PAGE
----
My academic area of focus is population and health. I’m excited to learn about the complex and very human intersections of migration, demographic change, and wellbeing. My main research interests are community-based health programs. I’m looking to learn more about community health worker (CHW) models to increase patient autonomy and access to care, especially among vulnerable populations.
Shannon Wood, PhD Student
My research interests surround the intersection between violence and adverse reproductive and sexual health outcomes among vulnerable populations in low-resource settings. My research to date has addressed empowerment self-defense training among school girls in Malawi; safety decision-making and care-seeking behaviors for women experiencing intimate partner violence in Kenya; and women’s sexual and reproductive health empowerment in Uganda, Ethiopia, and Nigeria. I am committed to producing research that can be directly applied toward reducing violence and improving women’s and girls’ health worldwide.
Abeer Yakzan, MSPH Student
I am pursuing a Master’s of Science in Public Health at the Johns Hopkins Bloomberg School of Public Health in order to strengthen my analytical and research skills and broaden my knowledge about the biological, geographical, and societal influences that impact reproductive health. I am excited to take courses regarding contraception, abortion, communication strategies for sexual risk reduction, and reproductive epidemiology. I graduated from the University of California, Davis with a Bachelor's of Science in Global Disease Biology in 2017. During my Senior year I conducted research to assess the reproductive health needs of students at UC Davis and student opinions regarding the lack of abortion services offered by the student health center. The resulting research paper, "Abortion and Student Health Services, Expanding the Conversation with Student Perspectives," was recently published in Contraception Journal.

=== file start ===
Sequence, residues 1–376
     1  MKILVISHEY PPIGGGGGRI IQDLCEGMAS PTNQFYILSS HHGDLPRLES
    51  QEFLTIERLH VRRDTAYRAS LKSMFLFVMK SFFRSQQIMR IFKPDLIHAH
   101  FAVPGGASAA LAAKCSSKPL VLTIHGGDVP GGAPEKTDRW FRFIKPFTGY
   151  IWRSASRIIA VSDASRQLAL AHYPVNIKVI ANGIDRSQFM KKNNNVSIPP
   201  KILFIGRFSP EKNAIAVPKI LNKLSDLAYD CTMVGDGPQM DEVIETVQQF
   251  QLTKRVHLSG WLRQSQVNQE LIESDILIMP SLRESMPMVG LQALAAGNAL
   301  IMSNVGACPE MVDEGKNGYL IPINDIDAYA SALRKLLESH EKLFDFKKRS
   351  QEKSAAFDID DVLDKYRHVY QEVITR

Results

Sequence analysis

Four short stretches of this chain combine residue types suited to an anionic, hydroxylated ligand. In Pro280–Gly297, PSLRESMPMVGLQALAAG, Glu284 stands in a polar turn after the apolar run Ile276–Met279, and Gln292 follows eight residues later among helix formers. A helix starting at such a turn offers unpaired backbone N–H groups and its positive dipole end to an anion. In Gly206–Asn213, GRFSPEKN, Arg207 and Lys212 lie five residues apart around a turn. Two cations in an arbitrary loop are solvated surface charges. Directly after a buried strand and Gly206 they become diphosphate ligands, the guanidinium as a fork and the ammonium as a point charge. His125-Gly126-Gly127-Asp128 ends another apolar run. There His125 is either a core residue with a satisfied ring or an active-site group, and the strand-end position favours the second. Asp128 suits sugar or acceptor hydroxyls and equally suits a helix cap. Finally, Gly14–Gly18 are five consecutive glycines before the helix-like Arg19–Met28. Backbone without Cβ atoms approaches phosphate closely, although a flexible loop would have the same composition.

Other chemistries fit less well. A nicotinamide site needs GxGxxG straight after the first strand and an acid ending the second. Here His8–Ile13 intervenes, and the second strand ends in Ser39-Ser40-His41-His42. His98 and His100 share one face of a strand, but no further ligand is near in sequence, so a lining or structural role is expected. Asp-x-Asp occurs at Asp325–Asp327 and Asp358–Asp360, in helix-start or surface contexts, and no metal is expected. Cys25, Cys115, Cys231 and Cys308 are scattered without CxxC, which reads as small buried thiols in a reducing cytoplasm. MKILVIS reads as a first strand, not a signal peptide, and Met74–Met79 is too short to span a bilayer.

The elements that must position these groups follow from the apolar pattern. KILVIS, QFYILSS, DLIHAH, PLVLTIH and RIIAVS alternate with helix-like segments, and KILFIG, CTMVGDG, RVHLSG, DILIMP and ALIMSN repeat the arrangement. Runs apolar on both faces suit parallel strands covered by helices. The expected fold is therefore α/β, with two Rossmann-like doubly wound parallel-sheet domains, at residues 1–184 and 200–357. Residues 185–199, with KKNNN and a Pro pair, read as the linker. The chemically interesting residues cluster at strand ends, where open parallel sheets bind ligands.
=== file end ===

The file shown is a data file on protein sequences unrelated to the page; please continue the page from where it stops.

Yousra Yusuf, PhD Student
My work centers around sexual and reproductive health and maternal health in under-served and marginalized communities globally and in the US. My current research investigates decision-making related to contraceptive use and subsequent maternal and birth outcomes. I plan to continue working as a researcher who represents the voices and interests of community members in the fields of maternal and women’s health. In this work, I intend to combine rigorous research methods while prioritizing and centering voices of marginalized groups to ensure communities benefit from my research. Most importantly, I hope to disseminate and give back to communities that continue to help us, researchers, in our endeavors.